The Framing of Climate Change in Canadian, American, and International Newspapers: A Media Propaganda Model Analysis by Jennifer Ellen Good, Brock University
Abstract: As a news story topic, climate change has potential narrative elements that include the oil industry and the earth’s climatic balance. With the world’s leading scientists now insisting that the story should be shifting from whether
climate change is happening to “What are we going to do about it?” this article offers a critical comparative analysis of how American, Canadian, and international newspapers are framing this key issue. Based on Herman and Chomsky’s (1988) media propaganda model, the findings indicate that while newspapers in the United States might be avoiding the issue, all three “regions” show a hesitancy to frame climate change with either extreme weather consequences or oil reduction solutions.
Sui Generis: Tobacco Sponsorship Advertising and Canadian Campus Newspapers by Daniel J. Robinson, University of Western Ontario
Abstract: This article examines tobacco sponsorship advertising in 18 college and university newspapers in Canada from 2002 to 2004. It documents the financial value of tobacco advertising in the year before the federal ban on this form of advertising, which began in October 2003. Tobacco spending formed nearly half of these newspapers’ national advertising revenues. The paper examines advertising revenue and publishing output in the year following the ad ban. While national ad revenue fell 28% in 2003-04, this did not adversely affect newspaper operations: the newspapers published 1.4% more pages—and more issues—in 2003-04 than in the previous year. In accounting for this anomalous finding, the paper discusses the sui generis nature of campus newspapers, which embody elements of commercial and non-profit media, while remaining an under-researched and under-theorized area of communication studies.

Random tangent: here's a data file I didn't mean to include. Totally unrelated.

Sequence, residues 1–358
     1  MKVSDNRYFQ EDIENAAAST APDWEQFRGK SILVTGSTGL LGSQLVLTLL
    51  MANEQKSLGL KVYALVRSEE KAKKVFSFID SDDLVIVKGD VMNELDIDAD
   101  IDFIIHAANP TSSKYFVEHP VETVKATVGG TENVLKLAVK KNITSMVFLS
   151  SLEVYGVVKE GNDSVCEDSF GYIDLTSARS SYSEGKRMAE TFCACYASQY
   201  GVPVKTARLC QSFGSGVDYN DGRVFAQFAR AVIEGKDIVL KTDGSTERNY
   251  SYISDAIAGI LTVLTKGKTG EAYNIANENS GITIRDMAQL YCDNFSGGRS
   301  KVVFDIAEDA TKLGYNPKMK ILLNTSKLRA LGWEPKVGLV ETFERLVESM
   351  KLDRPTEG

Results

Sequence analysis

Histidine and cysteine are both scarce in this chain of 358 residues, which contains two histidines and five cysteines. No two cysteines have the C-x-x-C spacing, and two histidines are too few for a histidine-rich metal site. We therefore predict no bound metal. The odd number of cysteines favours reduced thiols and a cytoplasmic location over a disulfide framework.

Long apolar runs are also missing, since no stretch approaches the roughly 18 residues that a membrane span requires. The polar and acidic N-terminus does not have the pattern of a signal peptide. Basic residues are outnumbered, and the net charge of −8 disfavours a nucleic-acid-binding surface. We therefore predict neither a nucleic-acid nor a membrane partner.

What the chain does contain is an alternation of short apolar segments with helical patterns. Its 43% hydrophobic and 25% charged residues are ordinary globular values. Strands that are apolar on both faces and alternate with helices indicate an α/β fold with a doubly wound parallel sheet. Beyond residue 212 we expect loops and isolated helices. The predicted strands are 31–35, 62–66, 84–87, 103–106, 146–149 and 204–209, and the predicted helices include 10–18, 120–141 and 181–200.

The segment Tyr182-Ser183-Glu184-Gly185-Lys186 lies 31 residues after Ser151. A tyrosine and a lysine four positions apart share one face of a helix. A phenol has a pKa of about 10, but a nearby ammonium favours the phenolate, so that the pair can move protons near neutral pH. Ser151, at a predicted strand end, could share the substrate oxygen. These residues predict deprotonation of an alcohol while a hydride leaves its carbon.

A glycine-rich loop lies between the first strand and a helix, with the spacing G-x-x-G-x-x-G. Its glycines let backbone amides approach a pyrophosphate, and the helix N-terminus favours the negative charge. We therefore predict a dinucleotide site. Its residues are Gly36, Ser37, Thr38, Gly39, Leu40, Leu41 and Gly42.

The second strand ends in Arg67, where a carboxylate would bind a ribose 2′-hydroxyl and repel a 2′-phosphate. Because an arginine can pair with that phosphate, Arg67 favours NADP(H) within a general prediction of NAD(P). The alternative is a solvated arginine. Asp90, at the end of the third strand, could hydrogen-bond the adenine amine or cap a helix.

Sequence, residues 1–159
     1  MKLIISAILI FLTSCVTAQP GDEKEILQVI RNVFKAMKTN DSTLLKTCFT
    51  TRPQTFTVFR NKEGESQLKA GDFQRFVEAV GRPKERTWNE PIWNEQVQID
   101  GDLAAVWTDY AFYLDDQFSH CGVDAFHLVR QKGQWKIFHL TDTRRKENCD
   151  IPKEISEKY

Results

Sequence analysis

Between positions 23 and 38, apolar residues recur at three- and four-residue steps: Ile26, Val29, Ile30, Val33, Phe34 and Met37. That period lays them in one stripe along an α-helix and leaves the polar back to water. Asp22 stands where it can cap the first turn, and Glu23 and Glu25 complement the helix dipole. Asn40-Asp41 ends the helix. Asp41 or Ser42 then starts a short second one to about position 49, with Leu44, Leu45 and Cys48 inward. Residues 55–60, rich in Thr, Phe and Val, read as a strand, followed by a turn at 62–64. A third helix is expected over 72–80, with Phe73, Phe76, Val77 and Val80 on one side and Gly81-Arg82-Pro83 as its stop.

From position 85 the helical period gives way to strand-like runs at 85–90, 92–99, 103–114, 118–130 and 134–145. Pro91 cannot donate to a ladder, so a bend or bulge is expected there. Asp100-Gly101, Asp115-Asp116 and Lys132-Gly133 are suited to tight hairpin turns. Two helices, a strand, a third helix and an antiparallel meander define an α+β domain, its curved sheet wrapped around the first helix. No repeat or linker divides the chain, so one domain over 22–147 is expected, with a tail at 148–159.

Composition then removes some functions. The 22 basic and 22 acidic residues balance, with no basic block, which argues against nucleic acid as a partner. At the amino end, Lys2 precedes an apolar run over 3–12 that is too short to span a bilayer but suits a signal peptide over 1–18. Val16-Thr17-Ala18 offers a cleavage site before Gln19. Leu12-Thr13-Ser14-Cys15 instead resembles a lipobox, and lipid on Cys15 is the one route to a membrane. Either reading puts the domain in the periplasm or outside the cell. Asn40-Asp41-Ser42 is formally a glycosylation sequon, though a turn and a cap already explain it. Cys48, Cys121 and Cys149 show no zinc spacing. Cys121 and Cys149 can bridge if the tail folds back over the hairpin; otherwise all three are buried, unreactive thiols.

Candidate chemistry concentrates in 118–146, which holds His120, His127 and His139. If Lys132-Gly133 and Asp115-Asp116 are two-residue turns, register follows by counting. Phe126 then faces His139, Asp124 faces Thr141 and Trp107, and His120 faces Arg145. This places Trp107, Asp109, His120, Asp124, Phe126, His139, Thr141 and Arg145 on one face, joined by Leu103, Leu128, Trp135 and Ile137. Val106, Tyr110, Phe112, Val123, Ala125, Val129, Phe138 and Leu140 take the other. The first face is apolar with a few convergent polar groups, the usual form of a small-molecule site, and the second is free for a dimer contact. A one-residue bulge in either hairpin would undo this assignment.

Gaps in Canadian Media Research: CMRC Findings by Philip Savage, McMaster University
Abstract: In-depth interviews conducted with leading Canadian mass media and new media managers, communication policy practitioners, and scholarly and professional media researchers reveal significant gaps in current Canadian media research. There are foreign sources but almost no Canadian contemporary sources for ongoing research in the following five broad areas: 1) Media usage; 2) Media ownership; 3) New media forms; 4) Media diversity; and 5) Media policy. These results were reported to the Canadian Media Research Consortium (CMRC) in 2007 and will shape its funding orientation and, perhaps, the direction for future Canadian media research more broadly.
It’s the war the United States started after 9/11 and then forgot – Afghanistan. In fact, coverage of the war in Afghanistan has accounted for less than 1 per cent of American news media content during the past few years, according to the Project for Excellence in Journalism’s News Index. But U.S. news media noticed when 400 prisoners busted out of Kandahar jail earlier in June and have since allocated a little more time and space to covering “the other war.”
Continue Reading U.S. media momentarily notices ‘other’ war